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One dead in southern Boone County plane crash


A small plane went down in southern Boone County on Tuesday, killing one person, a Missouri State Highway Patrol spokesman said.

The plane crashed a little before 12:30 p.m., the spokesperson said.

The FAA reported a Piper PA-46 crashed near Ashland at about 12:40 p.m. Only one person was on board.

First responders were working calls in the Hartsburg area that appeared to be related to the crash. Firefighters and sheriff's deputies had part of Hart Creek Road and Christian School Road blocked off. A National Transportation Safety Board investigator was expected to arrive Wednesday, the NTSB says.

Flight-tracking website Flightradar 24 showed a Piper PA-46 was en route from Madison, Wisconsin, to Siloam Springs, Arkansas. Records show the plane was diverted to Columbia Regional Airport before disappearing over southern Boone County.

Former NTSB Chair Jim Hall said investigators at the scene will likely be joined by the Federal Aviation Administration and possibly someone from Piper Aircraft. Hall said they'll work to organize the onsite portion of the investigation, which could take anywhere from "one day to a couple of days."

A preliminary report will be completed that may indicate possible causes for the crash.

Hall said there are multiple factors that are taken into consideration in major commercial accident investigations. Those include human performance, power plants, operations, structure, air traffic control survival factors and weather. However, in this case, the number of individuals that are required will depend on the facts investigators gather while on site.

"If there are issues regarding the weather he may ask for expertise in that area, if there are other areas in terms of air traffic many cases there may be tapes" Hall said. "Probably unusual that a plane this size has a black box but there are recording devices that are coming now on smaller and smaller general aircrafts, aviation aircrafts and help in the investigations."

The cause will likely not be determined for six months to a year, according to Hall.

David Whitesides, who lives off Palis Nichols Road near the crash site said he was outside when he heard something fall and found a piece of the plane that he believes came off the tail.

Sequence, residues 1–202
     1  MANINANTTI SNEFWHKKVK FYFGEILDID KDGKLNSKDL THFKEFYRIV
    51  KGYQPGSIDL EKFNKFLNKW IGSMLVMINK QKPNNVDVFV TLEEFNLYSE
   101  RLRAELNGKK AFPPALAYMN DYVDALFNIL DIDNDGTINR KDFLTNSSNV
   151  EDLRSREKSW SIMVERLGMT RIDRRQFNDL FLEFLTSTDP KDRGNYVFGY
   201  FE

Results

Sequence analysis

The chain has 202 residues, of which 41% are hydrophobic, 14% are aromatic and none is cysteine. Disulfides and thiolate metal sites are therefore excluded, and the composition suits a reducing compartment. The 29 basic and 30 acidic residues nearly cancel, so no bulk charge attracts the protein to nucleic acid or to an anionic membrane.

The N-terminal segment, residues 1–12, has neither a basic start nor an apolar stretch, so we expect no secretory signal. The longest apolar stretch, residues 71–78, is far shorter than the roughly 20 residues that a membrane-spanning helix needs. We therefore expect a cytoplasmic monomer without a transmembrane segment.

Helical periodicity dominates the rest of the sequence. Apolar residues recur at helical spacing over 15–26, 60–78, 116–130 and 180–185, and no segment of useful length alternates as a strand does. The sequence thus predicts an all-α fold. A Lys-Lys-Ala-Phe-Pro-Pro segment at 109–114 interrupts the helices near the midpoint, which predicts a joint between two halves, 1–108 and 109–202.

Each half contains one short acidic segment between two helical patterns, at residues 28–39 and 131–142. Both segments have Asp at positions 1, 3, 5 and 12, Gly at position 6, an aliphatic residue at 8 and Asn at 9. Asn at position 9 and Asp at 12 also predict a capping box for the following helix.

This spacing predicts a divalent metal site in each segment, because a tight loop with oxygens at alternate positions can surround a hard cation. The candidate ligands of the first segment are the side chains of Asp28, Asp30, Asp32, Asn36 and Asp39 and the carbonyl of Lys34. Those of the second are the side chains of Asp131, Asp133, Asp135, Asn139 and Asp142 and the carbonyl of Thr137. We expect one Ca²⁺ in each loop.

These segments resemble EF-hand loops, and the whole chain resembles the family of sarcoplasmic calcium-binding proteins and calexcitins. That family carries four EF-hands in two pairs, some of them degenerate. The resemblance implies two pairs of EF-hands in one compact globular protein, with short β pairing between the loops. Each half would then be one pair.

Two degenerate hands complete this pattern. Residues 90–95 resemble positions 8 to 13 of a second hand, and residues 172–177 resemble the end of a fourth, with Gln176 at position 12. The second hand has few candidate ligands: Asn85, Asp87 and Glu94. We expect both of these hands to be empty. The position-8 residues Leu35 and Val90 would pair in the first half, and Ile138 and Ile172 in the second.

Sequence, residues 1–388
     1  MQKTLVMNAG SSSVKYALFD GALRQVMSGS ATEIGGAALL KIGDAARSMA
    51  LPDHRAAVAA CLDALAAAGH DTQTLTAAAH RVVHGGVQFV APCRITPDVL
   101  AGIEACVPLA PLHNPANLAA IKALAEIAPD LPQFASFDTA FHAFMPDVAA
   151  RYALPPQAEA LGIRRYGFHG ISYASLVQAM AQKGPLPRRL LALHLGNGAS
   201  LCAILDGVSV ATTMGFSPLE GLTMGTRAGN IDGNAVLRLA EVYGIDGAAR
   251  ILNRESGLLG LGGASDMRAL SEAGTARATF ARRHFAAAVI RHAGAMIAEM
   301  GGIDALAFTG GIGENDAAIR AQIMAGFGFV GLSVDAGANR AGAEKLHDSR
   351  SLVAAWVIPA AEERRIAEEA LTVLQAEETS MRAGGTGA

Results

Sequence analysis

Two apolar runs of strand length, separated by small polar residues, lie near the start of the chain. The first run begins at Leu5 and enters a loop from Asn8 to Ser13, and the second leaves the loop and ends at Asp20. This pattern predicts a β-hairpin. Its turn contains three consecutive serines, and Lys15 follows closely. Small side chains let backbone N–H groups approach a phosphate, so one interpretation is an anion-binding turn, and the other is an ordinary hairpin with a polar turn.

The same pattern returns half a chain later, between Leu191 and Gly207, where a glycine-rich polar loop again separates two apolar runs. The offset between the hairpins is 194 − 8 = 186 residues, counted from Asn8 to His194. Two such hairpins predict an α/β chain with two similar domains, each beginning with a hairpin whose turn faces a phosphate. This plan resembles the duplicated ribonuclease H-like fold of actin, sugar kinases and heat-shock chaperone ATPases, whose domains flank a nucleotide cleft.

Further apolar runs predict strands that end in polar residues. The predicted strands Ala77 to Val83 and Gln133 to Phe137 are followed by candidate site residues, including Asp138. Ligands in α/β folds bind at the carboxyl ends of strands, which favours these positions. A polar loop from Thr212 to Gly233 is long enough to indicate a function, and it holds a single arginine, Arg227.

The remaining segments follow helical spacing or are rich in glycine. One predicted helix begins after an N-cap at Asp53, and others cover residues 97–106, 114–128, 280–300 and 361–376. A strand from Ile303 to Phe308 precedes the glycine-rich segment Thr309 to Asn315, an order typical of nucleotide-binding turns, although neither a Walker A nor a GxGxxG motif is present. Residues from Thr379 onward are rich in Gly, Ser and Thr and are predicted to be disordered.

Another witness, Mike Kilfoil said he saw the plane fall from the sky while outside on his front porch diving at a steep angle.

"The plane came down and it actually took me a moment to identify it as a plane because there were some parts that was the plane was not intact as it came down," Kilfoil said.

Braden Tyrer is a pilot in Mid-Missouri who viewed the flight's path on Flight Aware -- a website that identifies the paths of airplanes. Tyrer said Flight Aware monitors the rate of descent for a plane. He said the plane's rate initially showed rates that are consistent with light turbulence, but that changed as it neared Hartsburg. This will not be determined until the report is completed.

"Just 30 seconds later to a minute later, he's doing almost 3,000 per minute (descent) and that starts to get a little bit excessive," Tyrer said. "A pilot in good control of the airplane, unless there's an emergency at bay, would likely not find themselves at that airspeed."

In times where pilots find themselves running into similar scenarios time plays a large role Tyrer said. He said making the decision whether to attempt to continue flying, or make an emergency landing depends on the pilot and their experience.

"You need to understand your own personal capabilities and when flying we call that personal minimums," Tyrer said. "Oftentimes, you know, for especially for new pilots the weakness is in yourself, the aircraft can handle it."

However, he noted he believes the pilot in this scenario experienced a loss of control that was unrecoverable.

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Matthew Sanders

Matthew Sanders is the digital content director at ABC 17 News.

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